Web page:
1970–71 Michigan Wolverines men's basketball team

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1970–71 Michigan Wolverines men's basketball
NIT, Quarterfinals
Conference Big Ten Conference
1970–71 record 19–7 (12–2 Big Ten)
Head coach Johnny Orr
Assistant coach Fred Snowden
Assistant coach Dick Honig (freshmen)
MVP Dan Fife
MVP Henry Wilmore
Captain Dan Fife
Home arena Crisler Arena
Seasons
1970–71 Big Ten Conference men's basketball standings
Conf     Overall
Team W   L   PCT     W   L   PCT
#10 Ohio State 13 1   .929     20 6   .769
Michigan 12 2   .857     19 7   .731
Purdue 11 3   .786     18 7   .720
Indiana 9 5   .643     17 7   .708
Illinois 5 9   .357     11 12   .478
Minnesota 5 9   .357     11 13   .458
Michigan State 4 10   .286     10 14   .417
Iowa 4 10   .286     9 15   .375
Wisconsin 4 10   .286     9 15   .375
Northwestern 3 11   .214     7 17   .292
Rankings from AP Poll

The 1970–71 Michigan Wolverines men's basketball team represented the University of Michigan in intercollegiate college basketball during the 1970–71 season. The team played its home games at Crisler Arena on the school's campus in Ann Arbor, Michigan.

Under the direction of head coach Johnny Orr, the team finished second in the Big Ten Conference.[1] Dan Fife served as team captain and shared team co-MVP honors with Henry Wilmore.[2]

Over the course of the season, Ken Brady led the conference in field goal percentage with a 61.7% average in conference games.[3] The team earned the Big Ten scoring offense statistical championship with an 88.4 average in conference games.[4] The team was in the Associated Press Top Twenty Poll for four of the sixteen weeks of the season, rising as high as number twelve.[5] However, the team ended the season unranked in both the final UPI Coaches' Poll and the final AP Poll.[6]

The team defeated two of the four ranked opponents that it faced during the season.[1] The team participated in the sixteen team 1971 National Invitation Tournament where it advanced to the quarterfinals by defeating the Syracuse Orange by an 86–76 margin before falling to the Georgia Tech Yellow Jackets 78–70.[7] The team was led by All-American Henry Wilmore.[8] Dan Fife established the school career field goal percentage record at 57.44% that would last until Loy Vaught ended his career with a 61.7% mark in 1990.[9] He also set the school single season assist average of 5.35 per game that would last until Dave Baxter surpassed it in 1978.[10] The team set the school single-game record for free throws made of 33 on January 23, 1971, against Northwestern, which would be unsurpassed until 1998.[11]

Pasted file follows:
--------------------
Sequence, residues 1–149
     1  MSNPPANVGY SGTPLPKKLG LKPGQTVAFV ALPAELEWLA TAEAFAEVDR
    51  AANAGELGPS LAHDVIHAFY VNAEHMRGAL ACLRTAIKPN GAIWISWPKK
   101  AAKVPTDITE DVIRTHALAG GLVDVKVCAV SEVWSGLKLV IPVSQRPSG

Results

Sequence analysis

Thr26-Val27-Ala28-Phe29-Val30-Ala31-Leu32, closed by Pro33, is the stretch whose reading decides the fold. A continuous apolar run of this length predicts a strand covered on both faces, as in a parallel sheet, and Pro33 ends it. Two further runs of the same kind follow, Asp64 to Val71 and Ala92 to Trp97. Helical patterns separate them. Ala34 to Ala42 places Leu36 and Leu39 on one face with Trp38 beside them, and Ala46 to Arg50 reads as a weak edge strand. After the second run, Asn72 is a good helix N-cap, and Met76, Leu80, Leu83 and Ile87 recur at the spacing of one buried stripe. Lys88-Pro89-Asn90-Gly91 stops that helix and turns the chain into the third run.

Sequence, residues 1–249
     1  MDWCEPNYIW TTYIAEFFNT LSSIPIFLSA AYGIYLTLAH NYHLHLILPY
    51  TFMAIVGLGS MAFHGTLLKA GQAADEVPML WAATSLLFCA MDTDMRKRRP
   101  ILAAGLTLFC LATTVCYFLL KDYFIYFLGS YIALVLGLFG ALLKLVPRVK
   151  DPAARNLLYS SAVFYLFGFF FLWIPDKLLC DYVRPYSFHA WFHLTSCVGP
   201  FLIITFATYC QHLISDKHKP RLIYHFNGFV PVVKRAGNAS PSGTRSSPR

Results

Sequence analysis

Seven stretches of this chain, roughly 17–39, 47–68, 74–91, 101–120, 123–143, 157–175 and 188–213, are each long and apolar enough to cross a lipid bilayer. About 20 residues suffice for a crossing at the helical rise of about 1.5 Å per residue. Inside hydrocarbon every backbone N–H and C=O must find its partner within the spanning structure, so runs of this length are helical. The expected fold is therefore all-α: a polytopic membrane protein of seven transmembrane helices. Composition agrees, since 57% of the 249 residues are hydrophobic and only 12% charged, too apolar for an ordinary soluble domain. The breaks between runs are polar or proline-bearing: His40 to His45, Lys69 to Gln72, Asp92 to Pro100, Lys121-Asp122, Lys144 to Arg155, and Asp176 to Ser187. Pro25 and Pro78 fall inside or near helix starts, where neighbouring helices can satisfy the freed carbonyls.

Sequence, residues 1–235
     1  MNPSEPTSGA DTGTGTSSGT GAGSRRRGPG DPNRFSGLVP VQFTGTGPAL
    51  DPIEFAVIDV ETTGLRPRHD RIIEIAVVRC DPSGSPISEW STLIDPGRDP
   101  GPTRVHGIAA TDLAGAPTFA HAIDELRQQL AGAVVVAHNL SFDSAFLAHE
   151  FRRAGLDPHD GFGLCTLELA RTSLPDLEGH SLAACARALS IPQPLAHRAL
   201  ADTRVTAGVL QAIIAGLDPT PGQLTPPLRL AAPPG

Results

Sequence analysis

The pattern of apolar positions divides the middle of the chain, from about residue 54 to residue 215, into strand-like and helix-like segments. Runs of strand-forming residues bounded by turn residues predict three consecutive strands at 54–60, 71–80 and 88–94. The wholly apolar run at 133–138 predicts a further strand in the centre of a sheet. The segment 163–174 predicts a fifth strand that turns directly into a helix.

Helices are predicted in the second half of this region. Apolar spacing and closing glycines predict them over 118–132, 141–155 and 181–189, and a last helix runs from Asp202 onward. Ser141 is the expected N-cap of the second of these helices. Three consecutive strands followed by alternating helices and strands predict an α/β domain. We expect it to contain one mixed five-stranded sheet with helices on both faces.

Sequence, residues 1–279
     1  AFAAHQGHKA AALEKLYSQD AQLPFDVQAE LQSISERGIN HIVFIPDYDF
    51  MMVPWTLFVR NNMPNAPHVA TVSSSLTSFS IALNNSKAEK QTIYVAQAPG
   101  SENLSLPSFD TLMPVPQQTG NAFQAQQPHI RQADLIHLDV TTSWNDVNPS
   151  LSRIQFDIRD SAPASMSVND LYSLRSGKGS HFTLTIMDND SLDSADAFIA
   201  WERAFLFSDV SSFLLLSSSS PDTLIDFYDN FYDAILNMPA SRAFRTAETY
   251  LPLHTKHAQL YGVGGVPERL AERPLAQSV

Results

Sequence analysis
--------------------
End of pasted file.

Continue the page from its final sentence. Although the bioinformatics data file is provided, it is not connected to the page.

Rankings[edit]

Ranking movements
Legend: ██ Increase in ranking. ██ Decrease in ranking.
NR = Not ranked. RV = Received votes. ( ) = First place votes.
Week
Poll Pre 1 2 3 4 5 6 7 8 9 10 11 12 13 14 Final 
AP Poll[5] 20 16 16 12


Team players drafted into the NBA[edit]

Five players from this team were selected in the NBA Draft.[12][13][14]

Year Round Pick Overall Player NBA Club
1971 10 16 168 Dan Fife Milwaukee Bucks
1972 3 14 44 Wayne Grabiec Boston Celtics
1973 4 9 61 Ken Brady Detroit Pistons
1973 5 9 78 Henry Wilmore Detroit Pistons
1973 14 1 189 Ernie Johnson Philadelphia 76ers

References[edit]

  1. ^ a b "Through The Years". MGoBlue.com. CBS Interactive. p. 38. Retrieved September 12, 2010. 
  2. ^ "All-Time Accolades". MGoBlue.com. CBS Interactive. pp. 9–10. 
  3. ^ "Big Ten Basketball 2009-10 Media Guide". CBS Interactive. p. 33. Retrieved September 2, 2010. 
  4. ^ "Big Ten Basketball 2009-10 Media Guide". CBS Interactive. p. 36. Retrieved September 3, 2010. 
  5. ^ a b "Division I Records" (PDF). National Collegiate Athletic Association. pp. 68–83. Retrieved August 28, 2010. 
  6. ^ "Division I Records" (PDF). National Collegiate Athletic Association. p. 85. Retrieved August 28, 2010. 
  7. ^ "Tournament Results (1970's)". nit.org. Archived from the original on November 7, 2009. Retrieved September 5, 2010. 
  8. ^ "All-Time Accolades". MGoBlue.com. CBS Interactive. pp. 4–7. 
  9. ^ 2007-08 Men's Basketball Media Guide. University of Michigan. 2007. p. 170. 
  10. ^ "All-Time Records". MGoBlue.com. CBS Interactive. p. 16. Retrieved September 9, 2010. 
  11. ^ "All-Time Records". MGoBlue.com. CBS Interactive. p. 14. Retrieved September 9, 2010. 
  12. ^ "1971 NBA Draft". Basketball-reference.com. Retrieved April 25, 2014. 
  13. ^ "1972 NBA Draft". Basketball-reference.com. Retrieved April 25, 2014. 
  14. ^ "1973 NBA Draft". Basketball-reference.com. Retrieved April 25, 2014.